UK Business Confidence & Trade Sectors
No Signs of UK business recovery.  The BCC’s Quarterly Economic Survey (QES) for Q4 2022 shows key UK economic indicators have stabilised at concerningly low levels, following significant declines in Q3. The survey of over 5,600 UK firms — 92% of whom are SMEs — reveals that only 33% of firms experienced an increase in sales over the past three months, while 25% of firms reported a decrease in sales and 42% report no change. Activity in the retail and hospitality sectors remains particularly weak. Both sectors are firmly in 'negative territory', with more firms reporting a decrease in sales than an increase over the past three months. The hospitality sector is also struggling to operate at full capacity; three quarters (74%) of hospitality businesses reported they are operating below capacity. In addition, only 24% of business said their cash flow has increased over the last three months, while 30% have seen it decrease. To read the BCC's news release go to https://www.britishchambers.org.uk/news/2023/01/no-signs-of-business-recovery-bcc-quarterly-economic-survey-q4-2022.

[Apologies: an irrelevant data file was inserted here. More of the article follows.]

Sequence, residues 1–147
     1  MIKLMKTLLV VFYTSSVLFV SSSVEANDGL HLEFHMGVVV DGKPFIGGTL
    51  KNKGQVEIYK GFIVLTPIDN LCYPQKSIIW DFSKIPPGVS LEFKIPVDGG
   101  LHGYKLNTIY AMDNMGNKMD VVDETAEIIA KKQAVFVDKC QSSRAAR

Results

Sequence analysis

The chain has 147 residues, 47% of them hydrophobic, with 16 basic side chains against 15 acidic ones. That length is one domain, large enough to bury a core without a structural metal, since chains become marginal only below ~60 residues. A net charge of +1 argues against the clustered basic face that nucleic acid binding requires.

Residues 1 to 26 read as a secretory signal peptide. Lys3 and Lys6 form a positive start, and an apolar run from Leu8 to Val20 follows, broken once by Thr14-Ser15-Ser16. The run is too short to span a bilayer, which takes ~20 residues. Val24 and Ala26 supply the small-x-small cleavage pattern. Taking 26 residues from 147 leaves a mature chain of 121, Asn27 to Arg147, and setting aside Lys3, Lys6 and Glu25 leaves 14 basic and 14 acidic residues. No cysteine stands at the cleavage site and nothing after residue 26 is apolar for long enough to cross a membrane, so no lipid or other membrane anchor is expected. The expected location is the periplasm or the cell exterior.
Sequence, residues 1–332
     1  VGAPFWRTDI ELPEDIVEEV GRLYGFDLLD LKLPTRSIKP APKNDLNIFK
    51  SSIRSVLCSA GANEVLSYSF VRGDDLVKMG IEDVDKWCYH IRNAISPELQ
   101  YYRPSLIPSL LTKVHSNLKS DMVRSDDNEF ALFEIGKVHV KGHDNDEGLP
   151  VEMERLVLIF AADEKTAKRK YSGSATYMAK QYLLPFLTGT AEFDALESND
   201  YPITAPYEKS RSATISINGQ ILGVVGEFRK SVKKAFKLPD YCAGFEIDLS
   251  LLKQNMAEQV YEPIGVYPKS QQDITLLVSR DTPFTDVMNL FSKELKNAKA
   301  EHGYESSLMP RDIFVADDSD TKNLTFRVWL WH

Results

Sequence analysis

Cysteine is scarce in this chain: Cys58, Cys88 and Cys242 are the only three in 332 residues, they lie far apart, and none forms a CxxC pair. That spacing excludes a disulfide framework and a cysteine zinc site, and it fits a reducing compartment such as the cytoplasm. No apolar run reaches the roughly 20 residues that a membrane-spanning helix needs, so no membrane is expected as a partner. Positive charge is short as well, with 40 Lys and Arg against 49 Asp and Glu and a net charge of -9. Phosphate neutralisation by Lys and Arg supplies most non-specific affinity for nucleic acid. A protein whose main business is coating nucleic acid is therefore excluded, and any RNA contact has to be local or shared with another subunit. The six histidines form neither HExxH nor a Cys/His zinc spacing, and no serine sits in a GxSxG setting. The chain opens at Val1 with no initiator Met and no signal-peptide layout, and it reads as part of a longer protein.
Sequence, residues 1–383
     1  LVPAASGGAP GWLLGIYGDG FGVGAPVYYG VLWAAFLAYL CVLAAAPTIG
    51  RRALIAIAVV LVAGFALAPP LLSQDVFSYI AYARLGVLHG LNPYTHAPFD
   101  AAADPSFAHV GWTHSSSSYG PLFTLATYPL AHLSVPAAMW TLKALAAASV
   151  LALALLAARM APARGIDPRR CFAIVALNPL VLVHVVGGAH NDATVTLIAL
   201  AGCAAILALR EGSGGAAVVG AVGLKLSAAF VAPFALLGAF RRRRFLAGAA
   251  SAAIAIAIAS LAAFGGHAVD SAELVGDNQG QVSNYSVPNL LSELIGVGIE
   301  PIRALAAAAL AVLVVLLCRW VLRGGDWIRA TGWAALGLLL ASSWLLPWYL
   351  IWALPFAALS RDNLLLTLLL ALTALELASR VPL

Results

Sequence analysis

BRC forecasts low UK sales growth for 2023 overall, with some cause for optimism in the second half of the year. A new analysis by the British Retail Consortium (BRC) suggests that UK retail sales will pick up in the second half of 2023 as inflation slows and consumer confidence improves, with growth of 3.6% to 4.7% compared with 1% to 2.3% in the first half. The analysis also suggests that although food sales growth will fall slightly in the second half of the year, this will be at a slower rate than the anticipated decline in food inflation, meaning falls in volumes will ease over the period. Kris Hamer, Director of Insight, at the BRC, commented that the first half of the year is likely to challenging for households and retailers but "there is cause for optimism in the second half of 2023, when we expect inflation to ease and improving consumer confidence to result in an improvement to sales growth, and corresponding volumes." To read the BRC's news release go to https://brc.org.uk/news/corporate-affairs/brc-forecast-low-sales-growth-for-2023.